Currently, James Corden’s World Cup Live is being hailed as some sort of second coming of TFI. The fact of the matter is it’s not in the same league… however, it’s undoubtedly one of the most creative formats that’s been on TV in a long time. I find that so depressing I could hammer my head repeatedly against a brick wall in frustration.

Look at Frank Sidebottom. Had the act launched today, its best hope probably would have been to become a cult hit on the internet. No programmer would be brave enough to give him a spot on radio or TV.

Despite that, people who care will never stop putting content out there for the love of it, regardless of how little reward there is for it.

To that end, I’ll be back on Rhubarb Radio tomorrow night from 6…

You know I will. I really will.

Chris ‘Frank Sidebottom’ Sievey


Why I kind of hate the World Cup

Anyone who knows me will tell you of my sheer passion for football. I’ve been a season ticket holder at Aston Villa for 19 years now, and I can’t ever envisage being without it.

And yet, as the biggest feast of football on earth gets underway, you must forgive me if I feel underwhelmed. The simplest way I can sum it up is it’s akin to somebody who spends their life watching proper bands at small gig venues before finding themselves at a Take That concert at Wembley Stadium – everyone loves them, and you kind of have to admit that they are quite good, but somehow it just doesn’t seem ‘proper’.

So, what are the reasons for feeling like this?

It’s supporting a team containing wastes of oxygen like Ashley Cole and John Terry and money grabbing liars like Gareth Barry, led by a cheating thug like Steven Gerrard (football’s own OJ Simpson).

It’s the jingostic hype, generated mainly by people who don’t even follow the game – where patriotism becomes racism.

It’s the stupid songs in the pub. “There were 12 German Bombers in the air…” / “Two World Wars and one World Cup…” / “No surrender to the IRA…” – SHUT. UP. YOU. EMBARRASSMENTS.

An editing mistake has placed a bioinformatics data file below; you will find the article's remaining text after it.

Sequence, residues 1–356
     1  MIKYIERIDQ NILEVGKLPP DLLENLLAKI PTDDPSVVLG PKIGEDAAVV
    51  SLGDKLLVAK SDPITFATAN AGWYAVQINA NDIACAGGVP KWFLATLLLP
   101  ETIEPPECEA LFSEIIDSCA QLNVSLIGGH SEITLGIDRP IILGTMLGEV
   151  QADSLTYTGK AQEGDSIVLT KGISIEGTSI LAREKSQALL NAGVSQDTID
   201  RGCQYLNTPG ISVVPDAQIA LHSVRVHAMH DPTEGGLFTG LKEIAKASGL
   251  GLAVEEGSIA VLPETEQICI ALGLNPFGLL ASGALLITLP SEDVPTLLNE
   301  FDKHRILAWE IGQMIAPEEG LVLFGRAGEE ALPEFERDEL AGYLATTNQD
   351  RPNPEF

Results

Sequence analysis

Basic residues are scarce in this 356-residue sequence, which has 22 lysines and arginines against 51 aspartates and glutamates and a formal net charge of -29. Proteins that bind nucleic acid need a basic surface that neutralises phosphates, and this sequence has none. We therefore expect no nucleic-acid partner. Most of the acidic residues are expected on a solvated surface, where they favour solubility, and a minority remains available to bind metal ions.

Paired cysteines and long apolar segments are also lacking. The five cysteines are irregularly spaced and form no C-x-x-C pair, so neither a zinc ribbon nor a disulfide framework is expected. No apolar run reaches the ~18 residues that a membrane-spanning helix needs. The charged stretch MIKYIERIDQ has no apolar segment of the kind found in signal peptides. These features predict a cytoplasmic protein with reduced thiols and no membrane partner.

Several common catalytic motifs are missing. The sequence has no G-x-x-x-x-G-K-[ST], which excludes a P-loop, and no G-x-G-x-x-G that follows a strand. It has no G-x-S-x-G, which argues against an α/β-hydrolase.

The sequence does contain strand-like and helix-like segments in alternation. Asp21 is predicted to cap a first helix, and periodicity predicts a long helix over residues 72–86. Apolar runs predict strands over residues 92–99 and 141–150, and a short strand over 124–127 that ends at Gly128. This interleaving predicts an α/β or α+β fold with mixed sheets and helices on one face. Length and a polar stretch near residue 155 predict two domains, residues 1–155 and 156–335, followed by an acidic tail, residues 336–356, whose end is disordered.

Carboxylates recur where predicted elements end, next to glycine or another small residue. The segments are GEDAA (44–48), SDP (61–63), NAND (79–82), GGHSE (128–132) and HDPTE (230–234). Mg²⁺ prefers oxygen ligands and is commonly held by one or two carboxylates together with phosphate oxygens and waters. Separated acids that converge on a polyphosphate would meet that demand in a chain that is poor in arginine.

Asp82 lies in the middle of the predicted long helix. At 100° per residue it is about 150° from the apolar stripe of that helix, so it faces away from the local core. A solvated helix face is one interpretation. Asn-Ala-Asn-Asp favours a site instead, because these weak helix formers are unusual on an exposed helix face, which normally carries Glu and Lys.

It’s the fact that people somehow believe we have a God-given right to win the damn thing.

It’s crap songs like James Corden and Dizzee Rascal’s ‘Shout’ perpetuating popular culture’s myth of what football fans are actually like. (Genuine true fact: In 20 years of going to football, I have NEVER heard the chant ‘Come and have a go if you think you’re hard enough’ – it exists only in bandwagoning pop music)

It’s the fact that I kind of want to see James Milner do badly in order to give Villa a better chance of keeping him.

It’s the fact that when we do go out, somebody is going to have their lives made a misery by The Sun newspaper. It may be an England player, maybe one of the opposition. In recent years, it seems mainly to have been referees. But somebody will face the witchhunt.

Aside from England for a moment, it’s the fact France are in the World Cup and Ireland aren’t.

It’s seeing people who usually have no interest in the game suddenly deciding they’re experts on its finer points. Cue the regurgitation of statistics they memorised from that morning’s paper.

It’s the fact that, if England do win a big game, it’s all backslapping and everyone’s happy. Part of the fun is the bragging rights, the feeling that, when you do succeed, it’s special just to you and yours and not to everyone. International Football lacks the feelings of pride and envy that club football heralds. Euro 2008 was brilliant because England weren’t there, everyone supported different teams, and we got to enjoy some of that division based rivalry these tournaments usually lack.

It’s the fact the hype will get worse if England somehow do win the bloody thing…

More than anything, it’s the fact that given the choice between England winning the World Cup, or Villa winning away at Wigan on a cold Tuesday night in February, I’d pick the Villa every single time.

And yet, I’ve bought my England shirts, I’ll be going in to town to watch the match later, and I reserve the right to be a complete hypocrite when I inevitably get swept away in it all.

All I want is for us to show a little dignity… is that too much to ask?